Investors running out of options
Don't be fooled: many Kiwi investors are finding it tough out there. As the year unfolds, their problems are steadily worsening: the only bright clouds on the horizon are the prospect of the Mighty River and other partial state asset sales.
At first sight the financial markets appear in fine fettle.
The sharemarket is flying high; handsome profits have been made on many stocks. There is little sign of nervousness in the fixed-interest markets after the massive failures of finance and investment companies in the aftermath of the 2008 global financial crisis which took many small Kiwi investors' savings with them.
There have been no nasty shocks in the current reporting round that is now in full swing.
Most companies are announcing profits broadly in line with expectations. Many are lifting dividends. While some results include qualifications, most are reasonably upbeat that they'll do reasonably well for the rest of the year.
The main negative was the failure of Mainzeal, the third biggest builder, which fortunately is no longer listed on the NZX.
While this is terrible news for its sub-contractors and staff, to date this failure doesn't appear to have had too serious flow-on effects to other NZX listed companies.
In a reminder of what a huge company Fletcher Building has become, it announced last week that Mainzeal contractors owed it $7.5 million, money it considered at risk. Not so long ago a possible loss like this would have hurt the share price. These days it is considered chicken feed for a company whose billion-dollar deals in the Christchurch rebuild are helpfully distracting from the weaker prospects in its main market - Australia.
New chief executive Mark Adamson said he was reluctant to pick up Mainzeal's unfinished work because of likely "issues".
Judging from his comments, today's company must be a very different beast to that founded a century ago in Dunedin by a tough Scots migrant, the first Sir James.
My grandfather's building firm struggled to win contracts "against Jim", who was considered ruthless at winning any sort of work. In contrast Adamson portrays himself as being public spiritedly generous to a fault. He says Fletcher's main interest in seeing some of the 40 uncompleted projects finished is to "save the subbies" (who are major buyers of Fletcher's products) and in "some of Mainzeal's 400 staff" (presumably to help Fletcher with the Christchurch rebuild and the projected pick-up in Auckland construction activity).
At first glance, all seems well with the New Zealand investment scene. The strong sharemarket implies there is no lack of confidence or shortage of money seeking investment in so-called risk assets; business surveys are reasonably optimistic.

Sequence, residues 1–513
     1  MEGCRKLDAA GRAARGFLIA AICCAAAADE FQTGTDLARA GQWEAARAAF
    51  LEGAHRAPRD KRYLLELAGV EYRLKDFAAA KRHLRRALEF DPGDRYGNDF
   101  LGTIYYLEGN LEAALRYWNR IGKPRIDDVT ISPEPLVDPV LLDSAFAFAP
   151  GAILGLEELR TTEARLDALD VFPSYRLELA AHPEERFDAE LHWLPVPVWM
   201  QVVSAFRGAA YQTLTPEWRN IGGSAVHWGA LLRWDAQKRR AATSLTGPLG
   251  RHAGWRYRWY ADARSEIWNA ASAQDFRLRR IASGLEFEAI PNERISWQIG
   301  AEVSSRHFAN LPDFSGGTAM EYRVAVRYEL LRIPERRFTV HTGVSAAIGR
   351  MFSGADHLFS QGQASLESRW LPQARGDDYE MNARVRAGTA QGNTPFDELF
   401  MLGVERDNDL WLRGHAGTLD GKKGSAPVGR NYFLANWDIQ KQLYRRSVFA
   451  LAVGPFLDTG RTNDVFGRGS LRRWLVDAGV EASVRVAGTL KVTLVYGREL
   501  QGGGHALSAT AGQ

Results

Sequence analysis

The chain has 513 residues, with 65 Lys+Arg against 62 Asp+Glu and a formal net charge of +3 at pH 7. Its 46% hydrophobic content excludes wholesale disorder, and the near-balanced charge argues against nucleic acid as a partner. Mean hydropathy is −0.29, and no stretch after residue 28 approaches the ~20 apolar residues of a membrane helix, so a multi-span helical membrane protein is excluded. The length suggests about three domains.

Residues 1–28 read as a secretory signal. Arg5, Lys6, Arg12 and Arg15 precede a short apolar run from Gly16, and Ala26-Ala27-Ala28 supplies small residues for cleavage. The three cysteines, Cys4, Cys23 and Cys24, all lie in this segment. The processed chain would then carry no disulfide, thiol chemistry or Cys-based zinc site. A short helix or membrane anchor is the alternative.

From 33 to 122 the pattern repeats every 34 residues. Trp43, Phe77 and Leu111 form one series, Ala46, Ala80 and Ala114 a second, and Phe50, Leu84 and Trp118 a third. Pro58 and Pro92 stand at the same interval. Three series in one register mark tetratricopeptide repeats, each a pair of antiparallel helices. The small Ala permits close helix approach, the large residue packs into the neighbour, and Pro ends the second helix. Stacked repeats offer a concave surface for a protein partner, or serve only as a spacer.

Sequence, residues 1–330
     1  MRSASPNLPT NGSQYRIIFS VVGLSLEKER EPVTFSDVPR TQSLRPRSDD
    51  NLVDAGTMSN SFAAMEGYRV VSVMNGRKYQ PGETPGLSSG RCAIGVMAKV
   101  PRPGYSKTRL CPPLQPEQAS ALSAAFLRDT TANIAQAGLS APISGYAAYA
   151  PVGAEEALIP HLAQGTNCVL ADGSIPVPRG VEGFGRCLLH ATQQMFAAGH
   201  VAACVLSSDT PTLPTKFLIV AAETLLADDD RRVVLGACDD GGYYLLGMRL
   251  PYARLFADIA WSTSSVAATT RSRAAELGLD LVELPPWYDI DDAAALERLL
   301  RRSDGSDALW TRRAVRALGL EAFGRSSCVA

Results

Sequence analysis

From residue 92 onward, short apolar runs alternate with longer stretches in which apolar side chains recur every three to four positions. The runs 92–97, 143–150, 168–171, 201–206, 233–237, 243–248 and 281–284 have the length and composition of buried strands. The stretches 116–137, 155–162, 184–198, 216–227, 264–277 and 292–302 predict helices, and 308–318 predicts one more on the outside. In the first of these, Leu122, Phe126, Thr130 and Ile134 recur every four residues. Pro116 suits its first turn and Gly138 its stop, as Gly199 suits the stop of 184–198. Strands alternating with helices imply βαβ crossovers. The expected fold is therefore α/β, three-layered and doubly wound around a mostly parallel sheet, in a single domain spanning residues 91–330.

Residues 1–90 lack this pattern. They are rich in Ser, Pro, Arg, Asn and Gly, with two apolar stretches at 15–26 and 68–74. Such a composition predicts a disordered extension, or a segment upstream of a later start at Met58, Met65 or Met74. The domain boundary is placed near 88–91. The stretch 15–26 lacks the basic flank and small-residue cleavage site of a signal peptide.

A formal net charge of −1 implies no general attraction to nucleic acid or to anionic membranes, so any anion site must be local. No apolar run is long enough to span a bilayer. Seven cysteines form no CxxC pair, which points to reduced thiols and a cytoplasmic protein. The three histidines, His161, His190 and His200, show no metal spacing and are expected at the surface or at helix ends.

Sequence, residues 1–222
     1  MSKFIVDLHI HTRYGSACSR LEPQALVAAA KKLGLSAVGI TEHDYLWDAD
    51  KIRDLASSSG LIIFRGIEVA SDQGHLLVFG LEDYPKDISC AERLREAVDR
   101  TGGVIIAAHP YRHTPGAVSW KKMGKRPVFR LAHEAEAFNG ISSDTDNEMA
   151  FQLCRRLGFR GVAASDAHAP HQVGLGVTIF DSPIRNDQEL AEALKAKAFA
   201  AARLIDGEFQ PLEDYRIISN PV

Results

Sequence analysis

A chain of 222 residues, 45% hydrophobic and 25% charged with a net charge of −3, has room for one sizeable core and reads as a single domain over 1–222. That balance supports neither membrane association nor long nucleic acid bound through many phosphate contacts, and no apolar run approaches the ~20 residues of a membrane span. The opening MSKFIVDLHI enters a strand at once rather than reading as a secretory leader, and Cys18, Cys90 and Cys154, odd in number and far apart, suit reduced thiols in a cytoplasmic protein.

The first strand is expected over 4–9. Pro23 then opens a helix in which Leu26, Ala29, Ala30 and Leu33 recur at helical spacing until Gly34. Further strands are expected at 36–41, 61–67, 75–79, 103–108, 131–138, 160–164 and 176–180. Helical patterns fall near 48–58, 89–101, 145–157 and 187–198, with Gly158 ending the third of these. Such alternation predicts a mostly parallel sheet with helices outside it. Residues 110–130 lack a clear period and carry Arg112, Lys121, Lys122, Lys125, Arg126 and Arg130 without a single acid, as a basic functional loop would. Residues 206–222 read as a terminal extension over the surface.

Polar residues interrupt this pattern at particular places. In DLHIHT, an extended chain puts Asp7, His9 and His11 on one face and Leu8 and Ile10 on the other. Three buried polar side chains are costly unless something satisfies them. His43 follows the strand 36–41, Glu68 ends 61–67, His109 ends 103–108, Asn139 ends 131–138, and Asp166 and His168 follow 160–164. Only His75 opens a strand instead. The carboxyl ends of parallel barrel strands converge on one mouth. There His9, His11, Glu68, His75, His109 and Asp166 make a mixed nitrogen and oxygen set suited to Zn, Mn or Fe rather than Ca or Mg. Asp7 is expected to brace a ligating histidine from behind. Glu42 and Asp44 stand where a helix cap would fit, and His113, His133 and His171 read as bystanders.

The country - apart from the real problems flowing from the high dollar - seems to be coping comparatively well in the post- 2008 environment. Chinese and other trading links suggest New Zealand is particularly well placed for the coming decade, barring unforeseen events.
But a closer scrutiny shows there are real problems.
The key one - which dominated discussion last week with fellow members and advisers of charity investment bodies that I've been involved with for years - is that there is a serious shortage of where to invest.
The country's fixed-interest markets - once considered essential for funding growth and as a good place to invest - are shrinking fast. Companies that used to borrow locally to fund their activities now go to the bank or overseas where they can borrow more cheaply.
This is becoming a serious problem for many charity and other funds that are required to invest in quality rated fixed-interest securities. There is now a serious shortage of new issues, a problem which has been steadily worsening since 2007. Overseas investors are keen to invest here.
We're seen as an attractive destination with highish interest rates by world standards.
Banks, like the ASB, can also borrow more cheaply offshore.
They are tending to repay local bond issues early, rather than reissue them to Kiwi holders at lower rates for another five years.
NZX shares slipped last week after its latest profit announcement. This reported new issues in the capital markets were at the third lowest level in a decade.
Money has to go somewhere.
Many investors, faced with re-investing maturing interest rate securities at much lower rates - with, say, a bank - are switching more money to the sharemarket to get higher returns.
A problem is that today's New Zealand stockmarket is much smaller. Competition from new money - including that from KiwiSaver funds - is propelling share prices up. And dividend yields down.
On some estimates, shares listed on the NZX are now among the most expensive - on fundamental values - in the world.
Many investors are responding by investing more money overseas. Increasing sums are going to Australia. This is a pity: ideally New Zealand investment money should be kept at home to fund new endeavours.
In past years this situation would lead to a flood of new listings on the NZX.
Little is in sight, apart from talk of the float of the Mad Butcher and possibly a Diligent offshoot.
Hence the strong interest in Mighty River.
Contact Energy's better than expected result won't have dented likely demand.